He stared at the blank page and realized his mind was also blank. He started to turn to an earlier page, when he heard the voice.
“Don’t look back; just write something.”
“But I think I forgot to call the muse,” he responded.
“How do you do that, anyway? He-ere, Musey, Musey, Musey’?”
“Now you’ve done it. This is serious work. You invite the muse and ask for her guidance and inspiration. It’s not a joke. Respecting the muse is essential.”
“So, no ‘Musey’ then?”
“I don’t think she’d like that.”
“Sounds like she has her undies in a bundle or a stick up her —”
“It works very well, under the right conditions.”
“I’ll show you your ‘right conditions,’ dummy,” the voice boomed. “You got a project due, and you need to get it done. Ready? Set? Get going!”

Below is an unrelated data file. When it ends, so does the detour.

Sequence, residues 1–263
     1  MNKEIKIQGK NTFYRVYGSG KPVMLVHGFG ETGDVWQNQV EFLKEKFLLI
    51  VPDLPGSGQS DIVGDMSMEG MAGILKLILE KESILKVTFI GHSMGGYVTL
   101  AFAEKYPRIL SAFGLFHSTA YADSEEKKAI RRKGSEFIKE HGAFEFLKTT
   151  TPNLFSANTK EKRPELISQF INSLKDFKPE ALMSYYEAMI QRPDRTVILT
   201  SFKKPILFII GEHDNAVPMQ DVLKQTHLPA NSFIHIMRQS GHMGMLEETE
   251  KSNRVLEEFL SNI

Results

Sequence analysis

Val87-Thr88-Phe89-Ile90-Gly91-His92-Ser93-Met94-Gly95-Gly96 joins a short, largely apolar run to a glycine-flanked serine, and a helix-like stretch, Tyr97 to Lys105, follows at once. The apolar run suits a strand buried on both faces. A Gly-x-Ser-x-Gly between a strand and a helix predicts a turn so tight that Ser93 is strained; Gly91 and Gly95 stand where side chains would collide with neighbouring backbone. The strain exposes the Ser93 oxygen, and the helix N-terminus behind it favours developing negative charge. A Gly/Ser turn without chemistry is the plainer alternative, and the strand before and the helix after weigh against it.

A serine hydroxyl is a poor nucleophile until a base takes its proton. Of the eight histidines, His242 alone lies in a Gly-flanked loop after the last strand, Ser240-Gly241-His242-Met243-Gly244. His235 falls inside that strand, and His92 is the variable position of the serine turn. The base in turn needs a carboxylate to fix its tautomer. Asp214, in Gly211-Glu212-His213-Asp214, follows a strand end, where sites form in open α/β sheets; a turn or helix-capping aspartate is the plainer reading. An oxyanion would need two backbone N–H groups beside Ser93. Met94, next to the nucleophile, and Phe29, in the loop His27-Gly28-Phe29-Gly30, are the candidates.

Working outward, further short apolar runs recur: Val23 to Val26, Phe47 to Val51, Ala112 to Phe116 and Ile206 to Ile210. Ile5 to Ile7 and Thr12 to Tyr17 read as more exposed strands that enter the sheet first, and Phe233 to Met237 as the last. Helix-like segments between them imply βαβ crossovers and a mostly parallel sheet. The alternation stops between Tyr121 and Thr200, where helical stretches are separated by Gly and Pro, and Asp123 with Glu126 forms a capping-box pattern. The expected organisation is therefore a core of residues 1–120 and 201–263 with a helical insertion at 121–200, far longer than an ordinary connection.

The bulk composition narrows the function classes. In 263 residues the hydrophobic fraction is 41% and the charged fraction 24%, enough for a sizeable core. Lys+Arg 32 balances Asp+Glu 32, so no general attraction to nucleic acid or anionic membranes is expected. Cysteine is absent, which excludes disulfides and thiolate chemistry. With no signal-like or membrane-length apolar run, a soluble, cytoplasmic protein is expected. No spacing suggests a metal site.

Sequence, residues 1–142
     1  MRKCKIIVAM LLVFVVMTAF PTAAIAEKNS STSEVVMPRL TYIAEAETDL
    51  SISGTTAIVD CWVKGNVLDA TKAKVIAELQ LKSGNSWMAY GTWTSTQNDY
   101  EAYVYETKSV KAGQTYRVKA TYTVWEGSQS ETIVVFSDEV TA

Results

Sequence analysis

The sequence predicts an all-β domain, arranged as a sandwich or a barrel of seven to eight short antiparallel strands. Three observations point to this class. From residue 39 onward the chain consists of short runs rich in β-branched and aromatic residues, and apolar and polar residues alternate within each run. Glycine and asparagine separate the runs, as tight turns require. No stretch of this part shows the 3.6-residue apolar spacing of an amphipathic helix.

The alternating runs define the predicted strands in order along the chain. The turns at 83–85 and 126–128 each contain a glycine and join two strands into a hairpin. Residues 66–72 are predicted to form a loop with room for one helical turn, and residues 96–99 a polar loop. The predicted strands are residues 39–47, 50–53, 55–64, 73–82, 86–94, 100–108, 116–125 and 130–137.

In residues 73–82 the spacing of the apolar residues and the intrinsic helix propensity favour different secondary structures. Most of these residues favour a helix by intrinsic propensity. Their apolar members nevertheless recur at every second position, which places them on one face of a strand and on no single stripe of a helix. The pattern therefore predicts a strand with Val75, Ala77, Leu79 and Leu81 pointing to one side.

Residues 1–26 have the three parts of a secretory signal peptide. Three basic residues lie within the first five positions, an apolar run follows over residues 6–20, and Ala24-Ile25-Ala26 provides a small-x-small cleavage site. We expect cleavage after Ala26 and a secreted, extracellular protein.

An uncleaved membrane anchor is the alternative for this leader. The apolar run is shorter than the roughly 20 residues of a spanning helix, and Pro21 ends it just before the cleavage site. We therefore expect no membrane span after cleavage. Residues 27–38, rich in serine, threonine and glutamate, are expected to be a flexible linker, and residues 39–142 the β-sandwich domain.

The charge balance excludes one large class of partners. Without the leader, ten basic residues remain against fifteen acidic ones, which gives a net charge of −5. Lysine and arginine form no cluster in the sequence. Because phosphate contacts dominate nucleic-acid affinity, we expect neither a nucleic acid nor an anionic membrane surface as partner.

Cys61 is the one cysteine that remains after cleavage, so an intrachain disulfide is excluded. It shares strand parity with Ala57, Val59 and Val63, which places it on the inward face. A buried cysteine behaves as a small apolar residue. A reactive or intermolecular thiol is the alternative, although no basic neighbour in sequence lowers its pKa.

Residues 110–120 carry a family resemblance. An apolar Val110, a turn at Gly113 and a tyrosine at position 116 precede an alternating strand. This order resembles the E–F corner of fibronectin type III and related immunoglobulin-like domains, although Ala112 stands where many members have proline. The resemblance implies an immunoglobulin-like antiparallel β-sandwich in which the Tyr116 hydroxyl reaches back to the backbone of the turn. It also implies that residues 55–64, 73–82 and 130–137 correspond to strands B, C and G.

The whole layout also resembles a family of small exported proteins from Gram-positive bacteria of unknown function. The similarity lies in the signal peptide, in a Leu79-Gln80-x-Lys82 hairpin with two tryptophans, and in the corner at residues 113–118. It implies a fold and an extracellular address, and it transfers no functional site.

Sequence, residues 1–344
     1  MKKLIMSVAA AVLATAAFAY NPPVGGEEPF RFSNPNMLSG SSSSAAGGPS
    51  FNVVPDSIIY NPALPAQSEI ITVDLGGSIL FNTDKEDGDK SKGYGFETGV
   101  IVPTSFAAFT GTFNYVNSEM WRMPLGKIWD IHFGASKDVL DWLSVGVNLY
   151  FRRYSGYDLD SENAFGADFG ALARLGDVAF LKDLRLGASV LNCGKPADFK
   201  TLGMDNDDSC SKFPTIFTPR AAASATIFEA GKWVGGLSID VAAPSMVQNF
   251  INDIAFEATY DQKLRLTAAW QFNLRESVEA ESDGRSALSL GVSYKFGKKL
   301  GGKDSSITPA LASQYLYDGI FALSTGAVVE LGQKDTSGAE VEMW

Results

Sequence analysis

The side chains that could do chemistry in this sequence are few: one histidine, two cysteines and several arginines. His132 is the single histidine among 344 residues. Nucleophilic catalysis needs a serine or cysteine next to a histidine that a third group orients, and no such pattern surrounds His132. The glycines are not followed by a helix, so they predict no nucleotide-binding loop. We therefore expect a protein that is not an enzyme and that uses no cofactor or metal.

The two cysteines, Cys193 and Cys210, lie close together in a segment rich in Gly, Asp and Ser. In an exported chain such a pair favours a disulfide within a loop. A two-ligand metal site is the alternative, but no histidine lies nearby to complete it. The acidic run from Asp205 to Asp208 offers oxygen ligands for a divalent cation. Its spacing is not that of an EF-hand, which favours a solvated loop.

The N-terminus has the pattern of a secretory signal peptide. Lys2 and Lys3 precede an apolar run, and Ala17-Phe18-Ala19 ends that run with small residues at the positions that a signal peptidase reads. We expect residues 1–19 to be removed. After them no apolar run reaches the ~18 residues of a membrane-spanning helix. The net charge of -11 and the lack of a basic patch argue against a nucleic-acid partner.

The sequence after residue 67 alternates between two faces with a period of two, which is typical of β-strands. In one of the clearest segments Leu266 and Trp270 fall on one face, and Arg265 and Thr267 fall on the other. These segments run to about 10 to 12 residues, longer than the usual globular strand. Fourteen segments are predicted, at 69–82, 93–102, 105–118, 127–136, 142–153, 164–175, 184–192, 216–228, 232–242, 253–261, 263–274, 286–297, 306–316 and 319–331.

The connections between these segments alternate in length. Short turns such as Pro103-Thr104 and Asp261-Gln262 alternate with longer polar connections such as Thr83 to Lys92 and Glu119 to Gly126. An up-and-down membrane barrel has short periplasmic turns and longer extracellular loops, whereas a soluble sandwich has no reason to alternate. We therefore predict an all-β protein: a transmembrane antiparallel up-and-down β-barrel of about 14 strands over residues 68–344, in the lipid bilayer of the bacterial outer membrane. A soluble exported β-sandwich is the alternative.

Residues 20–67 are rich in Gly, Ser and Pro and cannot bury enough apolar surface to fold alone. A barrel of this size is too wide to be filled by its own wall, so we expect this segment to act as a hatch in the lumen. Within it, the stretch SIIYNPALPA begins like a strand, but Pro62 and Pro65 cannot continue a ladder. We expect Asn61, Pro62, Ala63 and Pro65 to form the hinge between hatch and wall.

“But you have to allow for the creative process — the playing in the sand — combing through my psyche to unwrap the story —”
“Monsters from the Id and all that? How about: You get an idea for a song, you tinker around and create the song, and then you move on to the next song?”
“Well, writing a book isn’t like writing a song …”
“It’s exactly the same thing, only different! So get writing! You don’t need to write a book every day — I know what you do takes longer — but on the other hand it couldn’t hurt trying —”
“What about the muse?”
“I think if you start writing, and keep writing, the muse will show up and tag along for the ride along the way.”
He picked up the pen and started writing, “Once upon a twice-told time,” and he could swear he heard a woman’s delighted giggle.